A writ of entry, in the form of a writ of summons and attachment, and on which an attachment is actually made, must, by the Gen. Sts. c. 123, §§ 11, 23, be served by delivering to the defendant or leaving at his last and usual place of abode an original summons; and a service by copy will not support a judgment against him on default.
WRIT OF ERROR to reverse a judgment of the Superior Court, rendered upon the default of the plaintiff in error, on a writ of entry brought against him by the defendant in error, in the form of a writ of summons and attachment, on which the return of the officer was that he had attached all the defendant's real estate in the county and had afterwards summoned him to appear and answer by leaving a true and attested copy of the writ at his last and usual place of abode. Error assigned, the insufficiency of such service. Plea, in nullo est erratum.
E. Ames, for the plaintiff in error.
J. Brown, for the defendant in error.
GRAY, C. J. The statutes of the Commonwealth have made a distinction, in the mode of service, between a writ of original summons and a writ of summons and attachment. In the case of a writ of original summons, containing no order for an attachment,
service may be made by reading the summons to the defendant, or by delivering to or leaving for him a copy thereof, attested by the officer. But when the form of the writ is such as not merely to summon the defendant to answer the action, but to order an attachment which is an incumbrance upon his property and restricts the alienation thereof, he is entitled to receive an original summons under the seal of the court, and no other service is sufficient to make the judgment binding upon him, unless he appears generally, and thereby waives any defect in the service. Gen. Sts. c. 123, §§ 10, 11, 23. See also Rev. Sts. c. 90, §§ 3, 4, 39; St. 1797, c. 50, §§ 2, 3; Prov. St. 1700-1, (13 W. III.) c. 20; 1 Prov. Laws, (State ed.) 448; Anc. Chart. 358.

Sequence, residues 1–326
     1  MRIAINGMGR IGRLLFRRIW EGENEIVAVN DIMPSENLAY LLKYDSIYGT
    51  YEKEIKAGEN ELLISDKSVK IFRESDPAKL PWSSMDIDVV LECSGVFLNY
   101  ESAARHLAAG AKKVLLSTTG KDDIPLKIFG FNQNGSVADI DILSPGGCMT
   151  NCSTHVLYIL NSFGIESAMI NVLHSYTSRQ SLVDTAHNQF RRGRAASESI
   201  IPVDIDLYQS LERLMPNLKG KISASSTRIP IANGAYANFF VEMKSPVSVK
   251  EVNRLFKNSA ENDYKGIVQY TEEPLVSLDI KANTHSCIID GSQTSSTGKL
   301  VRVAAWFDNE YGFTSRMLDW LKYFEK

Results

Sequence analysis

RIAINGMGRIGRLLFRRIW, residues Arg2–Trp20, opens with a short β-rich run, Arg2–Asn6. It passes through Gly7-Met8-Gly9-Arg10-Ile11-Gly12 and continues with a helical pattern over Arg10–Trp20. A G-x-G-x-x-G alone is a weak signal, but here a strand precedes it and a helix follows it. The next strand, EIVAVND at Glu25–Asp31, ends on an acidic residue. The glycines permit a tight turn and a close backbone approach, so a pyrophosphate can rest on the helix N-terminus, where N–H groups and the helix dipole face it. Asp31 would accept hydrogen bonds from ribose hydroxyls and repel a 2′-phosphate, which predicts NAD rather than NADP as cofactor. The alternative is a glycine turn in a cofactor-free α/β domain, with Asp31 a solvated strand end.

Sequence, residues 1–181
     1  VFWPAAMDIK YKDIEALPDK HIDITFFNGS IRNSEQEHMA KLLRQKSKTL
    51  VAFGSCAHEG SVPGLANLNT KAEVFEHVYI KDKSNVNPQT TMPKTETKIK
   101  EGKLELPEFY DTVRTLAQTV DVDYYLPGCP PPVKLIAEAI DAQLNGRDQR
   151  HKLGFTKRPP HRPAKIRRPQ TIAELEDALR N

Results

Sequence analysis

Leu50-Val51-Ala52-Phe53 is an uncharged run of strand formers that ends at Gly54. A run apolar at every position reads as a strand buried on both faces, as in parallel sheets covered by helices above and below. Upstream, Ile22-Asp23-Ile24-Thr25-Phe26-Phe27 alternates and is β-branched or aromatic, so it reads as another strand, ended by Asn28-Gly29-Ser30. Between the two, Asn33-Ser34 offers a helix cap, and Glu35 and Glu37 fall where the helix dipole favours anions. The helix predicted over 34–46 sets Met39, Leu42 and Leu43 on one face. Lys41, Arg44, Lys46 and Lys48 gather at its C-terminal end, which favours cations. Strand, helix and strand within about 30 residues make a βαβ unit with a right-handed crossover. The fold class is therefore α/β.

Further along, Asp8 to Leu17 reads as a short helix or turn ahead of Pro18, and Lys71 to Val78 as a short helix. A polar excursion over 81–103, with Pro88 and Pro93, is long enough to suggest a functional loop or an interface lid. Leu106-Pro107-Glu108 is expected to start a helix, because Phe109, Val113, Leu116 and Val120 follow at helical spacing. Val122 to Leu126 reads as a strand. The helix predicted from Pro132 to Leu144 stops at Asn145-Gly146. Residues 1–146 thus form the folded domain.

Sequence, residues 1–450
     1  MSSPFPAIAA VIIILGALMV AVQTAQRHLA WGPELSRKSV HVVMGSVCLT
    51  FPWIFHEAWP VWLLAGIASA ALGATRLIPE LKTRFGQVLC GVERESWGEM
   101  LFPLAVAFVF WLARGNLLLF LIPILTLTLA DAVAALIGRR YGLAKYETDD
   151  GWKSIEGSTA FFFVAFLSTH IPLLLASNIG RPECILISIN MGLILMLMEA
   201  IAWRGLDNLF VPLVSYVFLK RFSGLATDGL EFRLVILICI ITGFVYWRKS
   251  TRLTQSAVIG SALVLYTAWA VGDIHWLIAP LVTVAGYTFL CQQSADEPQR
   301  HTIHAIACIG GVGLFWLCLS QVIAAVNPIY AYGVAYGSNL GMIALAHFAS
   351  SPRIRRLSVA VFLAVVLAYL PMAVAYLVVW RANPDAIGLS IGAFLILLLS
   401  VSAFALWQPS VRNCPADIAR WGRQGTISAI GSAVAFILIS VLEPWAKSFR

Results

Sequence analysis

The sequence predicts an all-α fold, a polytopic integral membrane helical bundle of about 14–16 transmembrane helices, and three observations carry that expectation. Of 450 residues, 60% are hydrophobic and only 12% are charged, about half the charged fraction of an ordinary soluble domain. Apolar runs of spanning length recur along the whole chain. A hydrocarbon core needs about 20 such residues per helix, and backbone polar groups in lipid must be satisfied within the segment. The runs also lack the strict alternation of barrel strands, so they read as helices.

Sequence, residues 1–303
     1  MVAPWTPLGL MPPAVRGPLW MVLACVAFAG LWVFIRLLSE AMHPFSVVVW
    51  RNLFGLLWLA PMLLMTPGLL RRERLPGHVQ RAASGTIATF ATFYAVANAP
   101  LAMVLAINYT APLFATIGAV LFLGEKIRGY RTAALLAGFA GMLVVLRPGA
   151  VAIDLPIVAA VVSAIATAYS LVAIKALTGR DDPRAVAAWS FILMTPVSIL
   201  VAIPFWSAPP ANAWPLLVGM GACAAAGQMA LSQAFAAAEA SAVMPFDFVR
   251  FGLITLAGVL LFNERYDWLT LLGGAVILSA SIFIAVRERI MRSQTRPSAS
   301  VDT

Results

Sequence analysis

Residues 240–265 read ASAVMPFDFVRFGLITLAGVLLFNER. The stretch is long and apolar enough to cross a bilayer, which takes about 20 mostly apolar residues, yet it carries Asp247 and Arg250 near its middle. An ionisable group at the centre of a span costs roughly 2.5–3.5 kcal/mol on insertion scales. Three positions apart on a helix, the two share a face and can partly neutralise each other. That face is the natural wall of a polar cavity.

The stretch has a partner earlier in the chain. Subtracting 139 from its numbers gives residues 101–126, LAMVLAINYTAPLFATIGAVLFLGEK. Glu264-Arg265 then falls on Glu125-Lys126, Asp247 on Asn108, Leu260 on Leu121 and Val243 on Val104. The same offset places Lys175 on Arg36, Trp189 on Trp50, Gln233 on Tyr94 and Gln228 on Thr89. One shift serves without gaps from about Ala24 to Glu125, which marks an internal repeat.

In a real action, in which damages are not claimed, the writ is usually in the form of a writ of original summons, and the service is properly made by copy. But, in accordance with an ancient colonial statute which provided that it should "be the liberty of every plaintiff to take out either summons or attachment against any defendant," it has long been the practice for the demandant, at his election, to take out a writ in the form of a summons and attachment, when he desires security for costs; and there is peculiar reason to do so, when he demands damages, since the statutes have allowed mesne profits to be recovered upon a writ of entry. Mass. Col. Laws, (ed. 1660) 4; (ed. 1672) 7; Anc. Chart. 49. Stearns on Real Actions, (1st ed.) 92, 200. Harrington v. Conolly, 116 Mass. 69 . Gen. Sts. c. 123, §32; c. 134, §13.
In a real, as in a personal action, when the plaintiff or demandant elects to take out his writ in a form which authorizes an attachment of the defendant's property, he must have an original summons served upon the defendant, at least when he causes an actual attachment to be made, and perhaps even if he does not. See Peabody v. Hamilton, 106 Mass. 217 ; Harrington v. Conolly, above cited; Blanchard v. Day, 31 Maine, 494, 496.
The writ in the case before us having been in the form of a summons and attachment, and an attachment having been made thereon, the service by copy was insufficient to support the judgment rendered upon default.